“There was cancer in my family, but never anything connected to this,” says Scott. “I didn’t even know you could get cancer in your ovaries. I was completely clueless.”
Her doctor referred Scott to Dana-Farber Brigham, and within two weeks she was meeting with surgeon Michael Muto, MD. Diagnosed with stage I ovarian cancer, Scott would need surgery to remove her right ovary and fallopian tubes, along with chemotherapy.
New to Boston, with no close friends or loved ones nearby, she gained reassurance from her surgical and clinical teams as well as her new colleagues — who rallied around Scott by taking turns delivering meals to her home and rides to treatment. Despite feeling blindsided, she felt serendipitous about the timing.
“The kindness with which Dr. Muto and his team approached me and my situation was extremely comforting,” says Scott. “They were very patient, answered all my questions, and welcomed whichever coworker came with me to my appointments. Even though I was nervous about the information and frightened about the outcome, there was also a lot of calmness. I was in the exact right place, with access to the world’s best care.”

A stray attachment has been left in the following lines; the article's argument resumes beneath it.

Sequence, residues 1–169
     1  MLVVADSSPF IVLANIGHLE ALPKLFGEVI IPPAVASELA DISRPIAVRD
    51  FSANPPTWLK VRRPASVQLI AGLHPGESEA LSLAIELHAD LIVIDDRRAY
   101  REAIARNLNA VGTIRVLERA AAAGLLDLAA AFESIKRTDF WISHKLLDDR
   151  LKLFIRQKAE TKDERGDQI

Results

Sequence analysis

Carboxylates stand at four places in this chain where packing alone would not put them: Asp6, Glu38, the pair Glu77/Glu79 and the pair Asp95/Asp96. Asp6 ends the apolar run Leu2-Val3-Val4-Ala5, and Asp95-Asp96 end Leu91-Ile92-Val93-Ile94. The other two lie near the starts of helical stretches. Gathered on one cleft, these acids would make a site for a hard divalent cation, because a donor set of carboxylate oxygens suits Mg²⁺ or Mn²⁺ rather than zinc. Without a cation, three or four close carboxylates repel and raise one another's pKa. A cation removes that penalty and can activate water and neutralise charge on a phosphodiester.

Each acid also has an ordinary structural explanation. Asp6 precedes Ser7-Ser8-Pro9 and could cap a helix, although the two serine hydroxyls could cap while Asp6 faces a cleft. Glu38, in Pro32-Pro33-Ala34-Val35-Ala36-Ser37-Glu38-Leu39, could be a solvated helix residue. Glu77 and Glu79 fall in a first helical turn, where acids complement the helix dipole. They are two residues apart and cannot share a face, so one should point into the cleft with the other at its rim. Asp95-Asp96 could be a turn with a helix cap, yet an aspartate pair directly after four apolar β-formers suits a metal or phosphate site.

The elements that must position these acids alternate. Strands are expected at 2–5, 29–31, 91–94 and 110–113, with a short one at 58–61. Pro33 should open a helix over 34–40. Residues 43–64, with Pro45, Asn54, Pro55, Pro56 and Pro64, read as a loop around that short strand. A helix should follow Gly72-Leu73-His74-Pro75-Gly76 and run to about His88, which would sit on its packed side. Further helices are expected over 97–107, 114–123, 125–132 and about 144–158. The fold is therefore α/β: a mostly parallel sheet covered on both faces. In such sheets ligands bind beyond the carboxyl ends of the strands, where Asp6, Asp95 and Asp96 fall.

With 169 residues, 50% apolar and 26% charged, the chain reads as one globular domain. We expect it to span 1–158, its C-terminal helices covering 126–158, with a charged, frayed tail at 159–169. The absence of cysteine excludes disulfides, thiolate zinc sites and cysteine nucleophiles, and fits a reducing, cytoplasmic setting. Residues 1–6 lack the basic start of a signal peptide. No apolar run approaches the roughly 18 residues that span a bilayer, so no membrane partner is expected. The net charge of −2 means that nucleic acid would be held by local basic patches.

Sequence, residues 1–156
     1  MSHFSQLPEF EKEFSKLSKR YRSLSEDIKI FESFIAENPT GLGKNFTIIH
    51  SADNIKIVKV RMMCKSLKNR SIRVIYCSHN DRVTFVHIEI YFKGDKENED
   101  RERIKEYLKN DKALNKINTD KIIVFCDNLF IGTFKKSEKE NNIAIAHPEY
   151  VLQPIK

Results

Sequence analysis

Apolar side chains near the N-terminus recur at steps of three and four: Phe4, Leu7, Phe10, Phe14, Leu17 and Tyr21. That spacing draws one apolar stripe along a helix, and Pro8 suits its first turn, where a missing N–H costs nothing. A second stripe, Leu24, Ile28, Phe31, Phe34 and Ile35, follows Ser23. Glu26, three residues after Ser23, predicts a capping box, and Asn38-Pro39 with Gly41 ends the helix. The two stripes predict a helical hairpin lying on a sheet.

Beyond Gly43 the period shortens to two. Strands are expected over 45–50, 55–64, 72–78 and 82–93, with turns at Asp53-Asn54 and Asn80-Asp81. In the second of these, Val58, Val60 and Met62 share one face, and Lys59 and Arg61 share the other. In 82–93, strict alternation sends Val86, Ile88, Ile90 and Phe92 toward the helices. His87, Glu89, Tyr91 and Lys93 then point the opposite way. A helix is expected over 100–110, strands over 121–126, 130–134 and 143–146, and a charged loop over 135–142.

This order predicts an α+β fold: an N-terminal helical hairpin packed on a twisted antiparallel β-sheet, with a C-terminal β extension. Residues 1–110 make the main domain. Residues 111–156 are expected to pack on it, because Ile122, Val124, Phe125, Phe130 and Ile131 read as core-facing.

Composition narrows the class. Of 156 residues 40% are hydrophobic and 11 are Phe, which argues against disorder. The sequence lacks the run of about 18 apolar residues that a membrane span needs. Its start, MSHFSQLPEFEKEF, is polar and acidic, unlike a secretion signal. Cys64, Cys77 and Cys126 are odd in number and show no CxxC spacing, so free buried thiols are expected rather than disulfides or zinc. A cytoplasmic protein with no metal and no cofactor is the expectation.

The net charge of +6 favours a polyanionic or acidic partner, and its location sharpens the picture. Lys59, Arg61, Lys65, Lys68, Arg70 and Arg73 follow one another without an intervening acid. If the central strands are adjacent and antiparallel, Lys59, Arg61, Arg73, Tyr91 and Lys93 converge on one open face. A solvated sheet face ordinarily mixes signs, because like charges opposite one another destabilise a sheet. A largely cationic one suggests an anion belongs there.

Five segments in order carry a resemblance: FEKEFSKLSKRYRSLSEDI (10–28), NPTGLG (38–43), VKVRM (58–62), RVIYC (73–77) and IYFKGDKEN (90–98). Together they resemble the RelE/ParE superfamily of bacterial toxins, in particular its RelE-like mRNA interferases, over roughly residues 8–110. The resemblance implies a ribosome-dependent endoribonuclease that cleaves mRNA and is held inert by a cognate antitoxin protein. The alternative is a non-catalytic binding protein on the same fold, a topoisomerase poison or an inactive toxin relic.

Recurrence and resilience
As for her very public job, Scott learned to pace herself and take time off on days she felt most tired in between chemotherapy sessions. She took care of thinning eyebrows and hair with makeup and scarves, and added more healthy items to her own diet as she helped viewers with theirs. Her clinical team, which grew to include oncologist Panos Konstantinopoulos, MD, PhD, and clinical nurse practitioner Susanne Menon, NP, MSN, continued making her feel more like a colleague than a patient.